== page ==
#1Personal spending and income softened during January, inflation did not. The Bureau of Economic Analysis reports that “real” personal consumption expenditures (PCE) declined 0.3% during the month following gains of 0.3% in December and 0.2% in November. Real spending on goods also fell by 0.3%, pulled down a 0.8% drop in durable goods spending. Real spending on nondurable goods held steady during January while that on services declined 0.2%. Versus a year earlier, real personal spending has grown 2.8%, with a 4.3% jump in spending on goods and an 8.8% bump up in spending on durable goods. On a nominal (not price adjusted) basis, personal consumption expenditures were at a seasonally adjusted annualized rate (SAAR) of $13.550 trillion, up 0.2% for the month. Nominal personal income increased 0.4% during the month to $16.371 trillion (SAAR). Disposable income grew 0.3% on a nominal basis but fell 0.2% after adjustments for inflation. Real disposable income has increased 2.0% over the past year, reflecting a sharp decline from 12-month comparables for disposable income reported recently. The savings rate inched up by 1/10th of a percentage point to +5.5%.

Meanwhile, the PCE deflator, a measure of price changes, jumped 0.4% during the month and was up 1.9% over the past year. Net of energy and food, the core PCE deflator gained 0.3% in January and was up 1.7% from a year earlier. With the price measures moving ever so more closely to its two-percent target for inflation, the Federal Reserve appears primed to raise the fed funds target rate as soon as its next FOMC meeting.inflation-pce-deflator-030417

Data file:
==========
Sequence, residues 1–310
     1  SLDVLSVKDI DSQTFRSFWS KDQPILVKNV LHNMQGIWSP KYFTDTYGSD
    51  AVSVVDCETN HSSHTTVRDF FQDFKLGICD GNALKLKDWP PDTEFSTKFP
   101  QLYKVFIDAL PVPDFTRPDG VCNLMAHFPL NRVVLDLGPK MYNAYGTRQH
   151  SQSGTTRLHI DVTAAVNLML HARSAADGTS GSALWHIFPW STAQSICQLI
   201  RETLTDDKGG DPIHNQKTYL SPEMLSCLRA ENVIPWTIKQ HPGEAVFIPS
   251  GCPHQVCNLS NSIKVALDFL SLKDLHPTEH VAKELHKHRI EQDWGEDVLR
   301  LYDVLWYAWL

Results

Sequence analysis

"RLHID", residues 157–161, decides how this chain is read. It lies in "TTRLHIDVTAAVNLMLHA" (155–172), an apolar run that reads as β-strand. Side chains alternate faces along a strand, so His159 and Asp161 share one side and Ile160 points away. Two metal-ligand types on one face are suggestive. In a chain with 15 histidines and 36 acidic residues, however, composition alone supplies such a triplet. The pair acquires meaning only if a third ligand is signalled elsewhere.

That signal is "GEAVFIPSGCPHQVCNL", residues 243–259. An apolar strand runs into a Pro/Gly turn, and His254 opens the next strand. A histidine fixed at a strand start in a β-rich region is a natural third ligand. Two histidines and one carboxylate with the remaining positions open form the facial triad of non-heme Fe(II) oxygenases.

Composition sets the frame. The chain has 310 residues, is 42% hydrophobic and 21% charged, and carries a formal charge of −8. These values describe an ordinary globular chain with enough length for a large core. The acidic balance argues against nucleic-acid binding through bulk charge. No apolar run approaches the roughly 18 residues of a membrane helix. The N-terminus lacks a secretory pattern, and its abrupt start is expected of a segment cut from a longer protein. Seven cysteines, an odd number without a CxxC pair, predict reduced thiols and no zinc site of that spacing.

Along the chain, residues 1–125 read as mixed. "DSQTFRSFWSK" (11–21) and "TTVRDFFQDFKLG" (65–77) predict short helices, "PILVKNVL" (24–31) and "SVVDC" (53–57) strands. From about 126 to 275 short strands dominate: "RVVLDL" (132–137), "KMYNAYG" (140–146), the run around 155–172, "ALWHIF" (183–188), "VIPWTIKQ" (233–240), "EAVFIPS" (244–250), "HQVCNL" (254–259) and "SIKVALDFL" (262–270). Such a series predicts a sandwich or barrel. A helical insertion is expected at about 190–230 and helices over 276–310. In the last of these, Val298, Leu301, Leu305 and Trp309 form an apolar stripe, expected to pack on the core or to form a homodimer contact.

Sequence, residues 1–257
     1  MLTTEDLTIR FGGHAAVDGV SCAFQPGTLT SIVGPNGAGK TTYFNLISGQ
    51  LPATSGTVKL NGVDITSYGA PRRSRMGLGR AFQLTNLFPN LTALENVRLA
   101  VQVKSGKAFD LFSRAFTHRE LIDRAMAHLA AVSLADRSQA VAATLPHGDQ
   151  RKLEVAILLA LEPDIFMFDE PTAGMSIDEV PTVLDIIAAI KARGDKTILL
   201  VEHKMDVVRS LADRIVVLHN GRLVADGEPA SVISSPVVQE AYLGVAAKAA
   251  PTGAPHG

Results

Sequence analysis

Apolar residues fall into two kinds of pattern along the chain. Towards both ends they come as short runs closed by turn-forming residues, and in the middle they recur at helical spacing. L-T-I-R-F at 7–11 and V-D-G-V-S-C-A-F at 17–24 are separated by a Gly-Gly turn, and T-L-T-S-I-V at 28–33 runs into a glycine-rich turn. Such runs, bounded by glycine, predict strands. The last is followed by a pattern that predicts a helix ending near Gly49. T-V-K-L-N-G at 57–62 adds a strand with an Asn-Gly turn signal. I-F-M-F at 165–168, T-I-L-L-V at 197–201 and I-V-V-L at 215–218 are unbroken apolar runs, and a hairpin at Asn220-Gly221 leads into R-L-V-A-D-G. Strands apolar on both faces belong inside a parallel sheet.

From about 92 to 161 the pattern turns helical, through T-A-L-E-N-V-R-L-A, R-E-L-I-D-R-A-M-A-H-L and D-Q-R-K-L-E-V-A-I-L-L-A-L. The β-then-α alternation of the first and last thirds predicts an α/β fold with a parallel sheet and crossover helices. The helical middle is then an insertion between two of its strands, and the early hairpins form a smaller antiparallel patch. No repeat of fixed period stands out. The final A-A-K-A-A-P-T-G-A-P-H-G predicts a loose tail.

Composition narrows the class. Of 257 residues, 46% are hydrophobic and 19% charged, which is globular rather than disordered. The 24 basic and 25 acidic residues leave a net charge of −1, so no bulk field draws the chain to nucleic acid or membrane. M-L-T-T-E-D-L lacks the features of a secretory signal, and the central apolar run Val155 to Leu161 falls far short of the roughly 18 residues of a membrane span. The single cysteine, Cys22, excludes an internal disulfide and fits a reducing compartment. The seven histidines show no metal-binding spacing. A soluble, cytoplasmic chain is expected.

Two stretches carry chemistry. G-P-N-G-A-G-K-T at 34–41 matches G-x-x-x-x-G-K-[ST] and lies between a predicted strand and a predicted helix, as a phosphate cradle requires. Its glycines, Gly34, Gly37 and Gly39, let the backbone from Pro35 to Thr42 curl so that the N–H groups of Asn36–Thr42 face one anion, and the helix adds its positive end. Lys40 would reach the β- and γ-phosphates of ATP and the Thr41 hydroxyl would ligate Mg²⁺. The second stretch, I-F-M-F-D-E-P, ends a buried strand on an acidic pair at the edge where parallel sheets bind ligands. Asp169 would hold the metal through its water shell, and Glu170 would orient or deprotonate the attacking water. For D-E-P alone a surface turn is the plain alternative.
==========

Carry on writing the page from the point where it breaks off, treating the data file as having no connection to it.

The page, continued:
#2A new report keeps Q4 2016 economic growth at a moderate rate. The Bureau of Economic Analysis’ 2nd estimate of Q4 2016 Gross Domestic Product (GDP) finds the U.S. economy grew 1.9% on a seasonally adjusted annualized rate, matching the growth rate reported a month ago. For all of 2016, GDP grew 1.6%, down from the 2.6% growth rate of 2015 and the slowest pace of economic expansion since 2011. As with the previously reported Q4 GDP estimate, the biggest contributors to economic growth during the quarter were personal consumption, the change in private inventories, fixed residential investment, fixed nonresidential investment, and government spending. Net exports, however, were a significant drag on GDP during the quarter. The BEA will once again revise its Q4 2016 GDP estimate in a few weeks.

#3Net of aircraft orders, durable orders chilled during January. The Census Bureau estimates that new orders for manufactured durable goods totaled $230.4 billion during the month, up 1.8% from December. New orders for civilian and defense aircraft rose 69.9% and 59.9%, respectively. In all, transportation goods orders grew 8.0% during the month (automobile orders edged up 0.2%). Net of transportation goods, durable goods orders slipped 0.2% in January. Rising during the month were orders for computers (+3.9%), fabricated metal products (+1.9%), and machinery (+0.5%). Falling were new orders for communications equipment (-5.0%), electrical equipment/appliances (-2.2%), and primary metals (-1.6%). A proxy for business investment (new orders for nondefense capital goods net of aircraft) declined 0.4% during January.